Vakula (वकुल) is the name of a tree found in maṇidvīpa (Śakti’s abode), according to the Devī-bhāgavata-purāṇa 12.10. Accordingly, these trees always bear flowers, fruits and new leaves, and the sweet fragrance of their scent is spread across all the quarters in this place. The trees (e.g. Vakula) attract bees and birds of various species and rivers are seen flowing through their forests carrying many juicy liquids. Maṇidvīpa is defined as the home of Devī, built according to her will. It is compared with Sarvaloka, as it is superior to all other lokas.

The Devī-bhāgavata-purāṇa, or Śrīmad-devī-bhāgavatam, is categorised as a Mahāpurāṇa, a type of Sanskrit literature containing cultural information on ancient India, religious/spiritual prescriptions and a range of topics concerning the various arts and sciences. The whole text is composed of 18,000 metrical verses, possibly originating from before the 6th century.

Shaktism book cover
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Shakta (शाक्त, śākta) or Shaktism (śāktism) represents a tradition of Hinduism where the Goddess (Devi) is revered and worshipped. Shakta literature includes a range of scriptures, including various Agamas and Tantras, although its roots may be traced back to the Vedas.

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In Buddhism

Mahayana (major branch of Buddhism)

Source: Wisdom Library: Maha Prajnaparamita Sastra

Vakula (वकुल) or Vākula is another name for the Bhikṣu Bakkula, whose story occurs during the time of Buddha Vipaśyin, according to the 2nd century Mahāprajñāpāramitāśāstra chapter 36.—Accordingly, “thus, at the time of the Buddha Pi-p’o-che (Vipaśyin), the Bhikṣu Po-kiu-lo (Bakkula) offered a a-li-lö (harītakī) fruit to the Community. For ninety-one kalpas he enjoyed happiness among gods and men. He was never sick. And today, having met the Buddha Śākyamuni, he went forth from home (pravrajita), destroyed his impurities (kṣīṇāsrava) and became Arhat”.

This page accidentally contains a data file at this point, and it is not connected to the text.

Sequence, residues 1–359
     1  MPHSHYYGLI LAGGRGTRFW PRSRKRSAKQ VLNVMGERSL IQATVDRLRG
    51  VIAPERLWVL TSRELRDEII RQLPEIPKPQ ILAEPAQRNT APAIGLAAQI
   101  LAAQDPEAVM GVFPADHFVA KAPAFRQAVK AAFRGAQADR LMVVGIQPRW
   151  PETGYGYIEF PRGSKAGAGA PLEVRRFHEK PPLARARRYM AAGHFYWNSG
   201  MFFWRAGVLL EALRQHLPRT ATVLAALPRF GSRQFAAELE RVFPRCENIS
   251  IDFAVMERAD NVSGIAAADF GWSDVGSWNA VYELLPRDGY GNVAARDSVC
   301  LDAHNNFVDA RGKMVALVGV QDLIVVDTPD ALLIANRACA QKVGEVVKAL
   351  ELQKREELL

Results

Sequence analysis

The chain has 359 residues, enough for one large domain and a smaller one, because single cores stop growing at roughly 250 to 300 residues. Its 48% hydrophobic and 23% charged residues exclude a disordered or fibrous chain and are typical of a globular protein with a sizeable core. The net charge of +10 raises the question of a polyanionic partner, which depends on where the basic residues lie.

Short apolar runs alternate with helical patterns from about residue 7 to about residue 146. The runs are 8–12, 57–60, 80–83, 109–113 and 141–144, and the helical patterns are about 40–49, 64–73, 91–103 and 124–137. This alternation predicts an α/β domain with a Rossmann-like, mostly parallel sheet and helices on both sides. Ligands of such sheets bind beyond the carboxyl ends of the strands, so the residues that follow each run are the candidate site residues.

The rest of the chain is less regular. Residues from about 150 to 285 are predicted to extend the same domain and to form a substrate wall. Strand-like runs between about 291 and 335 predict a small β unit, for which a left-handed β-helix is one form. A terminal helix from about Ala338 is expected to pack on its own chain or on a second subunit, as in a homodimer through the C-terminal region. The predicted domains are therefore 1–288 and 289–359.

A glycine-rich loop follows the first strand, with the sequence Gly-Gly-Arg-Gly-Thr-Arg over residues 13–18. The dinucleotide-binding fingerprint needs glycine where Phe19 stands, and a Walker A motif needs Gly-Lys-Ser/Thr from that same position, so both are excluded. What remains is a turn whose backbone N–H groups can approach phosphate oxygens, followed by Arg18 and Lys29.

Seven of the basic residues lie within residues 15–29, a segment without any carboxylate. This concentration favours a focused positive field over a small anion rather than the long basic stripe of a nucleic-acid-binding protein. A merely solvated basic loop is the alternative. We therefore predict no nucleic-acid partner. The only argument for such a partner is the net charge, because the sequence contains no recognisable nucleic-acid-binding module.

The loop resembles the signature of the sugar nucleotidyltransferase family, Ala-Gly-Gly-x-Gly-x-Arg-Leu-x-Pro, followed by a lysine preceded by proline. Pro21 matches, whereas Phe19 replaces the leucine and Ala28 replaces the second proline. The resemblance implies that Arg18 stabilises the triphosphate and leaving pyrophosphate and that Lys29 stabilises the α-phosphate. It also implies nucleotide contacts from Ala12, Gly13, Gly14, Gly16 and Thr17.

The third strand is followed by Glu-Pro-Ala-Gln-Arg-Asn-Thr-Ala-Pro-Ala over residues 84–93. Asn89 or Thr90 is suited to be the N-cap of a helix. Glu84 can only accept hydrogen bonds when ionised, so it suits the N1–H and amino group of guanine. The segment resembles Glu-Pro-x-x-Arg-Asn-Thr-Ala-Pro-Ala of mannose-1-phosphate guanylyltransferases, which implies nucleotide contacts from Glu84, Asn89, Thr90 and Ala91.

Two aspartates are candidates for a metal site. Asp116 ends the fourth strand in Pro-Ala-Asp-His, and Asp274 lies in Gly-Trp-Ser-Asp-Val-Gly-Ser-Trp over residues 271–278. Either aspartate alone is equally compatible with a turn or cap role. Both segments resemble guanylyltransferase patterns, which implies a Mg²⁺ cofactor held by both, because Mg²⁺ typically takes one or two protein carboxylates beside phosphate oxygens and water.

Note: This is a well-known monk called Bakkula, Vakula and Vākula in Sanskrit; Bakkula, Bākula and Vakkula in Pāli. The name means ‘Two families’ (dvakkula, dvikkula).

Mahayana book cover
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Mahayana (महायान, mahāyāna) is a major branch of Buddhism focusing on the path of a Bodhisattva (spiritual aspirants/ enlightened beings). Extant literature is vast and primarely composed in the Sanskrit language. There are many sūtras of which some of the earliest are the various Prajñāpāramitā sūtras.

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India history and geogprahy

Source: Shodhganga: Cultural history as g leaned from kathasaritsagara

Vakula or Bakula is the name of a tree mentioned in the Kathasaritsagara by Somadeva (10th century A.D).—Vakula is always mentioned with the Ela-lavanga trees. It is known for its delicate and fragrant flowers.

Somadeva mentions many rich forests, gardens, various trees (e.g., Vakula), creepers medicinal and flowering plants and fruit-bearing trees in the Kathasaritsagara. Travel through the thick, high, impregnable and extensive Vindhya forest is a typical feature of many travel-stories. Somadeva’s writing more or less reflects the life of the people of Northern India during the 11th century. His Kathasaritsagara (‘ocean of streams of story’), mentioning Vakula, is a famous Sanskrit epic story revolving around prince Naravahanadatta and his quest to become the emperor of the vidyadharas (celestial beings).